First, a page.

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VOICES FROM THE FIELDTHE IRC BLOG
Sudan: Saving children’s lives and building a country’s future
January 7, 2011
By Sophia Jones-Mwangi
In Southern Sudan, one child in seven dies before the age of five – most often from easily treatable diseases such as malaria, diarrhea and pneumonia. It’s no wonder. Most people living in this war-scarred region have little or no access to health care. Their nearest clinic is often hours away on foot.
That’s why the International Rescue Committee has trained more than 1,700 people here to treat common childhood diseases in their own villages This home-based community care program has been so effective we are rolling it out to more and more villages across Southern Sudan.
Yesterday I wrote about my visit with an amazing woman named Nyibol Akol Padiet, one of the community health providers the IRC has trained. During a recent trip to her home state of Northern Bahr El Ghazal, I had a chance to sit in on a training session for the latest group of recruits to this lifesaving program.
Amel Teng (Photo: Sophia Mwangi/IRC)
There I met Amel Teng, who told me that her neighbors in the remote village of Marial Pajou had asked her to be their community's health provider. “I am happy because people have selected me and I can help children, including my own,” Amel said. "Right now our children don’t get any treatment.”
Amel's fellow trainee Abuk Adup agreed. "There are many people in my village who are sick," Abuk said. "We don’t have another health facility nearby -- so when a child falls sick they can die." Now, she said, "we can help treat them."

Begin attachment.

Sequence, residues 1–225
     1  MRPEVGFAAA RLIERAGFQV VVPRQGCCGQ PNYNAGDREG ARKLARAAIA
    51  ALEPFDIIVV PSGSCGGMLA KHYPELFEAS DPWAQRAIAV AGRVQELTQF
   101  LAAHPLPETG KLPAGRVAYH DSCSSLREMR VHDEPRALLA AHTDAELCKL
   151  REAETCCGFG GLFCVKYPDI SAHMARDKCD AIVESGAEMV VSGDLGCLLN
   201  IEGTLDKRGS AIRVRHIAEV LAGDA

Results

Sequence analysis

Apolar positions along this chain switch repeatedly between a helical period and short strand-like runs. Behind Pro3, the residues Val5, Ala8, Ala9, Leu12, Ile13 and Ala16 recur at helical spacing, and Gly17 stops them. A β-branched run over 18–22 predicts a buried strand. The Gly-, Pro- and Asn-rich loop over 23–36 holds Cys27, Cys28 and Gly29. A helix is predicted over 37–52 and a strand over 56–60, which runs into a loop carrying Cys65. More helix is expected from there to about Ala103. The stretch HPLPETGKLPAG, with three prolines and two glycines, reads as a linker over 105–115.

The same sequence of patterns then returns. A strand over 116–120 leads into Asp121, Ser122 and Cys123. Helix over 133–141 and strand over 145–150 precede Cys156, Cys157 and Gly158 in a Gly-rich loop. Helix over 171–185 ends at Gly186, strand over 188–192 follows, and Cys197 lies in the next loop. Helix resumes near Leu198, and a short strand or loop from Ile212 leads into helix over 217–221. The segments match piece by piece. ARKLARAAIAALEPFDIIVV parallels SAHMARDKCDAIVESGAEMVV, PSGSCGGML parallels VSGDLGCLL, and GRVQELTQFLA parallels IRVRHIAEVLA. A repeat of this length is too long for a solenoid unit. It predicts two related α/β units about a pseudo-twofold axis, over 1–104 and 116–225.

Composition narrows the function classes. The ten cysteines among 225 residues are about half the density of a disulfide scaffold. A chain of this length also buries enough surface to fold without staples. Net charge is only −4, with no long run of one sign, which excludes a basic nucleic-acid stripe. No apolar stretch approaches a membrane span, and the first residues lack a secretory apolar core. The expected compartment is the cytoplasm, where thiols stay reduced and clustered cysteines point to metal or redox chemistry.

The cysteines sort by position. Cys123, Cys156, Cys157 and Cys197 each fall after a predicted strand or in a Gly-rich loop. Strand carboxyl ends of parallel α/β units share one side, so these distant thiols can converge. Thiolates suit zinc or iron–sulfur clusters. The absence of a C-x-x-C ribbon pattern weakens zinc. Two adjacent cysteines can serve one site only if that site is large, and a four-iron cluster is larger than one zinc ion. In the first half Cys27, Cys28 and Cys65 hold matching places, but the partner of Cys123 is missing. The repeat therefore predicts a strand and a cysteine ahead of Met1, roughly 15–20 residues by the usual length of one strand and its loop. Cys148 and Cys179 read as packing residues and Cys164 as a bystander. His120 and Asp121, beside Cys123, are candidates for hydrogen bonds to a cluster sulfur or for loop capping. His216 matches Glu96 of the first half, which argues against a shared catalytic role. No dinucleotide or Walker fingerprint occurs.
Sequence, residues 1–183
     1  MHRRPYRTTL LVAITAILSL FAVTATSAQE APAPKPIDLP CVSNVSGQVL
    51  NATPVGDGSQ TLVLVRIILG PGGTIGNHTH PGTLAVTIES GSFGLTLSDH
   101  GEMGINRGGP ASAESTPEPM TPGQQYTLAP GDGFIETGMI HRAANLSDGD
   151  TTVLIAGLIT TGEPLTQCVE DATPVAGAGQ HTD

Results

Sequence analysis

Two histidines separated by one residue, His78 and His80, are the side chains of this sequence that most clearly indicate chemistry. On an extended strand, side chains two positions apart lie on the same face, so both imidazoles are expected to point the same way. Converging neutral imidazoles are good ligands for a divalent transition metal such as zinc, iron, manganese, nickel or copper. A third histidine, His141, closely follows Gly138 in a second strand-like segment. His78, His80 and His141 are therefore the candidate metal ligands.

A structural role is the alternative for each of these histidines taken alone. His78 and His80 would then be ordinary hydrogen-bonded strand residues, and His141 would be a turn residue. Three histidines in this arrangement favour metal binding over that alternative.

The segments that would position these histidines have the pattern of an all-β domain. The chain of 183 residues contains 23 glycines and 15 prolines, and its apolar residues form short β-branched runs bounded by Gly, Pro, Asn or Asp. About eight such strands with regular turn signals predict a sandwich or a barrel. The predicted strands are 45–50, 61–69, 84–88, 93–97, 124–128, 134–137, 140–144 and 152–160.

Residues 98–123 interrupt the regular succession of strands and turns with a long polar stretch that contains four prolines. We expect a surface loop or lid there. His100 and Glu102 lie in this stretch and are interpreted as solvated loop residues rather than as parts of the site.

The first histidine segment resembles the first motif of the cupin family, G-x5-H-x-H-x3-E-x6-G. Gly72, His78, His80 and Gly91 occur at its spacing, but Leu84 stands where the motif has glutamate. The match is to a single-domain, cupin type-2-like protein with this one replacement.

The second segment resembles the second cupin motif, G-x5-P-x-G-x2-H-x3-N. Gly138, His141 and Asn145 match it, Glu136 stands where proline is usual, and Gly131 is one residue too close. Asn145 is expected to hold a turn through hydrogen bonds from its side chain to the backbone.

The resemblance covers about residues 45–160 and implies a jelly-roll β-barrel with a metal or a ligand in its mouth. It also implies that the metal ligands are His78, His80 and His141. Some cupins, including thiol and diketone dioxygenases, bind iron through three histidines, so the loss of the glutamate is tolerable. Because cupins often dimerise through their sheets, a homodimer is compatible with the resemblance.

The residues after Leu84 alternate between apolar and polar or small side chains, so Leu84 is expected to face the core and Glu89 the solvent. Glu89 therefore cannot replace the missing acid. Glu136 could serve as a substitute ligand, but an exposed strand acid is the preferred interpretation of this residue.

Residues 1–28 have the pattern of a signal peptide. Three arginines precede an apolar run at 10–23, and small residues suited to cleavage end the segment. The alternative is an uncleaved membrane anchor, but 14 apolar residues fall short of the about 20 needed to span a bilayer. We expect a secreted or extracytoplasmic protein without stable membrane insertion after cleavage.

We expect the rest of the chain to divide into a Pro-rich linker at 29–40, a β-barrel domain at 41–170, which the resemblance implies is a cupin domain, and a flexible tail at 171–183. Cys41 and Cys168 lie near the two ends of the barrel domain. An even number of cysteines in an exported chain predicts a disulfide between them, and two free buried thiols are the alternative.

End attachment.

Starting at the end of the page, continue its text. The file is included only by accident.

Abuk Adup (Photo: Sophia Mwangi/IRC)
Amel, Abuk and the other trainees are fortunate to benefit from the first-hand experience of their teacher, Peter Garang, who had served as his village’s community health provider since 2009. The IRC recently hired Peter as a community-based treatment program supervisor. Now, Peter trains the community health providers in Northern Bahr El Ghazal and delivers stocks of medications (supplied by the Global Fund through the IRC’s partner Population Services International) to their homes.
"I feel very happy because I have experience," Peter said of his new job. "I go to the community and tell them about the work of the program -- and the benefits of it."
These benefits go far beyond short-term improvements in a child’s health. For example, the treatment the IRC is providing for diarrhea also strengthens the immune system and helps to prevent pneumonia.
“Bringing care to the communities is extremely effective because the children are being treated early," Susan Purdin, the IRC’s Sudan country director, told me. "Diarrhea, for example, causes a child to regress in his normal growth and development.” If children are treated quickly they recover quickly. But if they’ve had diarrhea for even a couple of days, Susan explained, they really regress. “If they were walking they end up crawling.”
“It’s not just physical either but has a negative impact on their brain development,” Susan said. “The whole intellectual capacity of a country is diminished if children are sick.”
The future of Southern Sudan is very much on people's minds right now. Here in Juba, there is excitement in the air as Sunday’s referendum on independence draws near. The roads are being cleaned, banners and posters promoting separation are on walls and billboards everywhere you turn -- I even saw a parade this morning as I came into the office.
There is a huge digital clock on a traffic circle in the center of town counting down the days, hours and minutes to Sunday. I often think about Amel and Abuk and that as a new nation is born, the health of its people will depend on women like them.
Learn more about the IRC's work in Southern Sudan and how you can help: Visit our Sudan Crisis Watch report at Rescue.org.
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